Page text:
Canadian Journal of Infectious Diseases and Medical Microbiology

Canadian Journal of Infectious Diseases and Medical Microbiology / 2012 / Article

Original Article | Open Access

Volume 23 |Article ID 876103 | https://doi.org/10.1155/2012/876103

Deirdre Church, Julie Carson, Dan Gregson, "Point Prevalence Study of Antibiotic Susceptibility of Genital Group B Streptococcus Isolated from Near-Term Pregnant Women in Calgary, Alberta", Canadian Journal of Infectious Diseases and Medical Microbiology, vol. 23, Article ID 876103, 4 pages, 2012. https://doi.org/10.1155/2012/876103

Point Prevalence Study of Antibiotic Susceptibility of Genital Group B Streptococcus Isolated from Near-Term Pregnant Women in Calgary, Alberta

Abstract

BACKGROUND: Genital group B streptococcus (GBS) may be transmitted from a colonized mother to her infant if appropriate intrapartum antibiotic prophylaxis is not given. A recent case of GBS neonatal sepsis occurred due to an erythromycin-intermediate strain after empirical use of this drug as intrapartum prophylaxis.OBJECTIVE: To determine the regional antibiotic resistance rates of genital GBS isolates to penicillin, erythromycin and clindamycin.METHODS: A total of 309 genital GBS strains cultured from vaginal/rectal swabs were prospectively isolated and randomly selected between March and May 2011. Etest strips (bioMèrieux, France) were used to determine the minimum inhibitory concentrations to penicillin, erythromycin and clindamycin according to standard methods. All isolates that either demonstrated intermediate or full resistance to erythromycin had a D-test performed to detect inducible resistance to clindamycin. The resistance mechanism for each isolate was inferred from its antibiogram phenotype.RESULTS: All genital GBS isolates were susceptible to penicillin, but high rates of resistance were found to both erythromycin (25%) and clindamycin (22%), mainly due to acquisition of erythromycin ribosomal methylation genes (erm) that result in the MLSB resistance phenotype. Most often the MLSB resistance phenotype was constitutive (MLSB-C; 14.2%) rather than inducible (MLSB-I; 8.1%), and an efflux mechanism (msrA; 3%) was much less common.DISCUSSION: The present article is the first point prevalence study of genital GBS antibiogram profile that has been reported from a Canadian health care region. The high rates of resistance of genital GBS to both erythromycin and clindamycin is mainly due to the acquisition and spread of erm genes conveying the MSLB phenotype.CONCLUSION: Changes to clinical and laboratory practice in the Calgary, Alberta, region were made to prevent additional cases of neonatal GBS sepsis due to inappropriate intrapartum antibiotic prescription.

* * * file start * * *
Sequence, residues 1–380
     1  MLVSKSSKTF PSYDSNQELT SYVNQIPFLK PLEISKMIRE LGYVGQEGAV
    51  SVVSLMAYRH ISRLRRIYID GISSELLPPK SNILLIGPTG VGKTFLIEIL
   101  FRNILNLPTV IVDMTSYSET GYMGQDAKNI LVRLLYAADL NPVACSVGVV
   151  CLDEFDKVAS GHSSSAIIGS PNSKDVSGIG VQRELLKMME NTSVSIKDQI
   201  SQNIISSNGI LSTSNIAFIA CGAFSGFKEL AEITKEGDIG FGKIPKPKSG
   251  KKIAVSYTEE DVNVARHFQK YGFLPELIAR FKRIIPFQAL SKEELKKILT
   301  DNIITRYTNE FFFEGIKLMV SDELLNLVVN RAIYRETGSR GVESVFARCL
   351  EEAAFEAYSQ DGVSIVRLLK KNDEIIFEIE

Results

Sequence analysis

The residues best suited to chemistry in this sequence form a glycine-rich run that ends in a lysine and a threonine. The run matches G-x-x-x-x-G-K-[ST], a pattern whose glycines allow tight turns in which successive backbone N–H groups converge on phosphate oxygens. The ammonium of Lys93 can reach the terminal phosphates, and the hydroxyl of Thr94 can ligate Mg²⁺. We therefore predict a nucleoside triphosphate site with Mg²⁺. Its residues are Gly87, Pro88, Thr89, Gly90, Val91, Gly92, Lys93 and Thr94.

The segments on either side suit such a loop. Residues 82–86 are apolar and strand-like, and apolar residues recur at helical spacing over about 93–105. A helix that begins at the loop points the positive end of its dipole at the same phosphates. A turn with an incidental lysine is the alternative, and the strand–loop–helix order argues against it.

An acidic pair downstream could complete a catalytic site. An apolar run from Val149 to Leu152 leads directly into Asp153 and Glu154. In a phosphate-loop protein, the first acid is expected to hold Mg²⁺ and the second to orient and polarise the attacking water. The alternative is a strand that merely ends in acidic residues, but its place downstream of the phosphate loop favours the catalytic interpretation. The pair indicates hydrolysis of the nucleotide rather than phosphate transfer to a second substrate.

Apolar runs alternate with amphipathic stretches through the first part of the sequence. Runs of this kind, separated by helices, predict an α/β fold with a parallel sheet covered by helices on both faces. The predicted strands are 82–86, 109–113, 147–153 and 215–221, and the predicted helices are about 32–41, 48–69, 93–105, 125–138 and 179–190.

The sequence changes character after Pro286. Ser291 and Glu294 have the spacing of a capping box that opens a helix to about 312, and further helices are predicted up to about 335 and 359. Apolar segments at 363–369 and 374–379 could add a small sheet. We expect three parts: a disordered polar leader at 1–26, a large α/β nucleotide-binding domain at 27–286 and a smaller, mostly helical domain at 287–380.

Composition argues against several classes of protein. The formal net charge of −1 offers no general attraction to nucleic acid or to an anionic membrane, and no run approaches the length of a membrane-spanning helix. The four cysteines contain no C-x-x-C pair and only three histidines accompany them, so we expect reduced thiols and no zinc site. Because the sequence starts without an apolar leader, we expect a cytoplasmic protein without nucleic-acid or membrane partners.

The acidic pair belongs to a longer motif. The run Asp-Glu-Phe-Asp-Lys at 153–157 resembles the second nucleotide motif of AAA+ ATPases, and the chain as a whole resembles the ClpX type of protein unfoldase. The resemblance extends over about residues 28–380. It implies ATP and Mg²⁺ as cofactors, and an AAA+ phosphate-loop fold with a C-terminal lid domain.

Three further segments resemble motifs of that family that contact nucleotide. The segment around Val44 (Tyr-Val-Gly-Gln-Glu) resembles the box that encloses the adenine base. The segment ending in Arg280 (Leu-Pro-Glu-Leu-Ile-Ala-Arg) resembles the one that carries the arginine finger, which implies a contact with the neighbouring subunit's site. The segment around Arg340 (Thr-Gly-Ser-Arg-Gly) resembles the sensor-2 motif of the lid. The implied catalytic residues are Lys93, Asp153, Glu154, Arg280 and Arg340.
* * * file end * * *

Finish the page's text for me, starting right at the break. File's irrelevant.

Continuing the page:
Copyright © 2012 Hindawi Publishing Corporation. This is an open access article distributed under the Creative Commons Attribution License, which permits unrestricted use, distribution, and reproduction in any medium, provided the original work is properly cited.


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